You Gave Her Birthdays: A Letter to My Daughter's Birth Mom

Dear Anna,

She's four today.  

But you already knew that, because you've been loving her for longer than we have.

I remember cradling her in my arms during her first few months of life and whispering into her little ears, "Stay tiny forever."

She didn't listen.

How is it already happening that this baby who made us both mothers will be off to "big school" in a matter of weeks?  Sometimes I wish that I could hit a pause button and savor these early years for awhile longer.

Piper geeks out about birthdays.  I guess she's like me in that way.  She's like you in a million other ways.  Since January, that kid has been making a wish list, talking about which friends to invite to her party, and planning what she will do when she is finally four.  It seems safe to say that this is her favorite day of the year.

We bought a small swimming pool as a birthday gift for her and her sister (whose birthday is also this summer).  She's mildly obsessed.  I can't decide if she likes it or the light-up Frozen shoes that my parents got her more.  She would spend all of her time in both of them if she could.

Today, we're celebrating by grilling her favorite "hamgubbers", and we'll likely let her stay up past her usual bedtime and eat way too many treats.  Today, we will give her more gifts that she will treasure for a moment.  Eventually, though, she will outgrow her light-up shoes, and the toys and swimming pool will no longer hold the same allure that they once did.  Today, we are giving her things that grow old.  Forever, you gave her birthdays. 

You didn't have to do that.  

It pains me to think that you could have pursued other alternatives, but you totally could have, and many of them would have been easier than adoption.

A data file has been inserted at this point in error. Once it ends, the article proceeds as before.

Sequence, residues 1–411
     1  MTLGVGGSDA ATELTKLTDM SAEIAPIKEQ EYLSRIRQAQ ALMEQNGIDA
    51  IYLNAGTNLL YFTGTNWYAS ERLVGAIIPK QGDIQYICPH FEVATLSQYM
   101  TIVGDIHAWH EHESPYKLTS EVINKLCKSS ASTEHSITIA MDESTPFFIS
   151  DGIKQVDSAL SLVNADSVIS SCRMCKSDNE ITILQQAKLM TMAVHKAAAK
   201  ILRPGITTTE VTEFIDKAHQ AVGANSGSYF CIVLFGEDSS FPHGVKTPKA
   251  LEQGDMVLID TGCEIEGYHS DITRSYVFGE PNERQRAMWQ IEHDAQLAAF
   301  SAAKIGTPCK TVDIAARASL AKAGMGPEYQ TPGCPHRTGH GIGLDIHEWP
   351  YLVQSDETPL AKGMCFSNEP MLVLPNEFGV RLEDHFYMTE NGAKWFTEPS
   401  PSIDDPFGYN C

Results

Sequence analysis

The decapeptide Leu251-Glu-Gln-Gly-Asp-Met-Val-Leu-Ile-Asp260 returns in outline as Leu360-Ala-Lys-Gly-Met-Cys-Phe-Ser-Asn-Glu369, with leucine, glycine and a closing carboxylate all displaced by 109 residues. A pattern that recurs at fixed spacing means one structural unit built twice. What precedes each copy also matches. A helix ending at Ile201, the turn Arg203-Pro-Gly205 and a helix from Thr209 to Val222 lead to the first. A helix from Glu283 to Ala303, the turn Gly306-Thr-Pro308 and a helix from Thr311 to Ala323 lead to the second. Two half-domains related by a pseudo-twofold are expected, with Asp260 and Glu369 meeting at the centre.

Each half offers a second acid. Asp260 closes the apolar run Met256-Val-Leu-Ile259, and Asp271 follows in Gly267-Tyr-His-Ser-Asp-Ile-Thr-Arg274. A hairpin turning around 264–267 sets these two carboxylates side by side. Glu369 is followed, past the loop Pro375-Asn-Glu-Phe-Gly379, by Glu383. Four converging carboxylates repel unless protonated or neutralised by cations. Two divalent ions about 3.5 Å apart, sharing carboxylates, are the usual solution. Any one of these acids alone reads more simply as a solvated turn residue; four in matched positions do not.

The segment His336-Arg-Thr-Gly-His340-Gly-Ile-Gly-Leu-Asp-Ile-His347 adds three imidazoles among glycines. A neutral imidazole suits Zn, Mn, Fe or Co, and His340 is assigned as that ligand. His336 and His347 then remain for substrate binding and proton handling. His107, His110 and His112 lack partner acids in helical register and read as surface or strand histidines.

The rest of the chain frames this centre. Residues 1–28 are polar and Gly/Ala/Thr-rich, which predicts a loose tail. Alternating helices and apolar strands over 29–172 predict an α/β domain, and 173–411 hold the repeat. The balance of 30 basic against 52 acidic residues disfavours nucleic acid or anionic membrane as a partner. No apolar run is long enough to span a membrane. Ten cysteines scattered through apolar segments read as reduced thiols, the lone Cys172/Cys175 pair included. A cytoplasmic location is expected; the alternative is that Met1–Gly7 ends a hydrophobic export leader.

Piper will get to turn 4, and 14, and maybe 104, because you chose life on June 28, 2013, and every day afterward.  I know that you signed some papers to legalize your decision in a single moment but that you have woken up every morning since and bravely faced the consequences of those signatures.  I pray that Piper grows to understand how much you sacrificed.

Every June 28th, she gets the festivities, but you're the real hero.  From one mom to another, thank you for giving her birthdays.


Her Adoptive Mom

The Gifts of an Introvert

Several weeks ago, my friend, Jill, was diagnosed with Stage IV breast cancer.  She's fit, she's 36, and she has three little kids.  Cancer is no respecter of persons, which is one of the many reasons why I hate it so much.

Shortly after her diagnosis, one of our mutual friends set up a time for women who know Jill to come and pray for her.  Nichole's living room was full.

Jill and her family moved to Norman less than two years ago, and it seems like she already knows more people here than I do after a decade.  

She's bubbly and outgoing, the kind of person who makes you feel at ease with being yourself, and she can probably have a better conversation with a wall than I can with an actual human.